CIVIL APPELLATE JURISDICTION: Civil Appeal No. 1979 of 1981.

From the Judgment and Order dated 7.1.81 of the Bombay High Court in Civil Writ Petition No. 1248 of 1977.

P.P. Rao, Kailash Vasdev and S. Murlidhar for the Appellants.

A.K. Sanghi for the Respondent.

The Judgment of the Court was delivered by VERMA, J. This appeal by special leave is against the judgment dated January 7, 1981 in Writ Petition No. 1248 of 1977 of the Nagput Bench of the Bombay High Court. The special leave has been confined only to the question of liability of the appellant, Life Insurance Corporation, to pay interest for the period after date of maturity of insurance policy, in case of delay in payment. Accordingly, this is the only question arising for decision in this appeal.

The writ petition in the High Court was filed by Smt. Kamalabai G. Ranade, the wife of Gangadhar Vishwanath Ranade of Nagput. The said G.V. Ranade took four policies on his own life from the Life Insurance Corporation of India (hereinafter referred to as "the LIC") during the period 1958 to 1960. These policies were paid up and the particulars thereof including their paid up value payable on the date of maturity are as under:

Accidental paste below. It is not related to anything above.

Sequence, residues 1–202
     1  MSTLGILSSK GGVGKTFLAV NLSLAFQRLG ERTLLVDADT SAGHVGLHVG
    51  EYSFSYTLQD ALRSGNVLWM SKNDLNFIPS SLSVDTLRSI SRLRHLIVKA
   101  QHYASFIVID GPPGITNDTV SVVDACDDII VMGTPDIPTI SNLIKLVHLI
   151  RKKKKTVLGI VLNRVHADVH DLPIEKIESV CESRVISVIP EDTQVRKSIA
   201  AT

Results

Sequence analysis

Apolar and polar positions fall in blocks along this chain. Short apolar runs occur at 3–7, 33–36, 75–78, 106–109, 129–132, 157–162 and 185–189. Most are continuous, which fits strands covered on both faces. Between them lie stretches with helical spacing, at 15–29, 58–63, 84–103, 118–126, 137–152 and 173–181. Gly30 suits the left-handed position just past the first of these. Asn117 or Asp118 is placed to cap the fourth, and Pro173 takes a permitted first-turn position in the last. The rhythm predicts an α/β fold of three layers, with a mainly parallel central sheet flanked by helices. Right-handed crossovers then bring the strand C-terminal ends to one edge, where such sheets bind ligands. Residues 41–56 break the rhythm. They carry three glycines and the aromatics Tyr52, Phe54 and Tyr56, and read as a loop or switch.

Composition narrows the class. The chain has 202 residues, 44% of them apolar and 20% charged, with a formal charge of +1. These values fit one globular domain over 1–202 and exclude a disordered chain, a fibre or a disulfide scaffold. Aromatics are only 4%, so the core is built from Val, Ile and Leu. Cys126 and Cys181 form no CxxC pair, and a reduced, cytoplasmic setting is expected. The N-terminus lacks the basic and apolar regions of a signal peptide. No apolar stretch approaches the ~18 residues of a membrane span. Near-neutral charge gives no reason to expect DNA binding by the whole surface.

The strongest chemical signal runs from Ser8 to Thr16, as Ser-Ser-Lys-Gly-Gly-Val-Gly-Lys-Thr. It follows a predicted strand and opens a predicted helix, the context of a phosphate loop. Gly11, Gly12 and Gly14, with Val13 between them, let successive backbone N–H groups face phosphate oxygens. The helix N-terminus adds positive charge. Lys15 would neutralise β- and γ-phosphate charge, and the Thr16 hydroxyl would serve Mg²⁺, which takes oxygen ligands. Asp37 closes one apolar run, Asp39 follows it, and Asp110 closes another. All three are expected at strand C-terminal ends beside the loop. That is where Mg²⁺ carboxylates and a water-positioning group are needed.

Policy Sum Paid up Date of Number Assured Value Maturity.

19620636 10,000.00 3415.70 14.9.72 13932229 3,500.00 1118.65 28.12.73 13969 144 5,000.00 892.20 9.11.75 13972300 2,000.00 557.70 21.12.75 In April 1969 G.V. Ranade assigned absolutely all these four 101 insurance policies in favour of his wife Smt. Kamalabai G. Ranade and the assignment so madewas duly registered by the LIC as under:

"In registering this Assignment the Corporation makes no admission as to its validity.